The point, I guess, is that these innovations, which I believe are having a significantly positive impact on student learning, are also having a significant impact on the way I prepare to teach. I suppose that is another improvement, but the growing pains aren't that fun. Innovation is about change, and change can be a challenge. These innovations, while done to help our students, can also help us by forcing us to rethink the way we do things.

by Janice Florent

dog stretched out on sidewalk refusing to walk with handler pulling the leash

As you know, the flipped classroom relies heavily on students being prepared and ready to engage in the learning activities. What do you do when students come to class unprepared? Do you give a quick lecture to recap the pre-class content so everyone is on the same page? Do you give the unprepared students an alternative assignment? Do you kick the unprepared students out of class? Depending on your teaching philosophy and the classroom environment you want to create, you probably want to pro-actively design the learning environment using strategies to promote learning and personal development instead of relying on punitive measures to change behavior.

In a recent Faculty Focus article, Dr. Barbi Honeycutt recommended five things you can do to motivate unprepared students in the flipped classroom. Her recommendations are:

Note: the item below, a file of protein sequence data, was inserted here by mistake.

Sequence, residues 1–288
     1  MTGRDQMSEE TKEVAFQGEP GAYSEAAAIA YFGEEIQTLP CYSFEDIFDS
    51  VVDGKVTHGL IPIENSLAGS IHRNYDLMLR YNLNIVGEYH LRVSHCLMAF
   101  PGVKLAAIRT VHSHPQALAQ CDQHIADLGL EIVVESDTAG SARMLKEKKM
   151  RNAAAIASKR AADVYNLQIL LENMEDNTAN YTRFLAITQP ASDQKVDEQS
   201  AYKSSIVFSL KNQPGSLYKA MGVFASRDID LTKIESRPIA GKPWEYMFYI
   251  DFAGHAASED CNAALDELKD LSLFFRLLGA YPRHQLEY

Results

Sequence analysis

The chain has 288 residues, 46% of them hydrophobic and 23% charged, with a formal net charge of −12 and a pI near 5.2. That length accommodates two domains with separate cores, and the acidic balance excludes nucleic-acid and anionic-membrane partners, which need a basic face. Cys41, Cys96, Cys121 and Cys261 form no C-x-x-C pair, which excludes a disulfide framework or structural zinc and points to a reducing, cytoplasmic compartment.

1. Have a conversation.
  2. Review your pre-class assignment.
  3. Proceed as planned.
  4. Re-think participation grades.
  5. Set up a corner.

You can read more in the article Five Ways to Motivate Unprepared Students in the Flipped Classroom.

Image Credit: Photo by Evgeny Tchebotarev from Pexels

The Faculty Communities of Teaching Scholars (FaCTS) initiative is funded by the Andrew W. Mellon Foundation to support faculty in planning and implementing innovative curriculum and/or pedagogical projects over the course of an academic year.

We would like to take a minute to congratulate the 2016 FaCTS Fellows. The Faculty Communities of Teaching Scholars (FaCTS) initiative is funded by the Andrew W. Mellon Foundation to support faculty in planning and implementing innovative curriculum and/or pedagogical projects over the course of an academic year. Each year, we select a pedagogical theme that addresses the needs of the university. The theme for the coming year is Inverted Teaching, commonly referred to as "flipping the classroom". Each of the awardees below submitted a proposal to modify an existing course to incorporate the ideals of inverted teaching.

  • Cary Caro, Assistant Professor, Division of Business
    Project title: "Inverting BSAD 2200: Balancing the Global Perspective"
  • Kelly Johanson, Assistant Professor, Department of Chemistry
    Project title: "CHEM 4140: Converting Metabolism into a Flipped Course"
  • Wyndi Ludwikowski, Assistant Professor, Department of Psychology
    Project title: "Inverting the Psychological Statistics Classroom"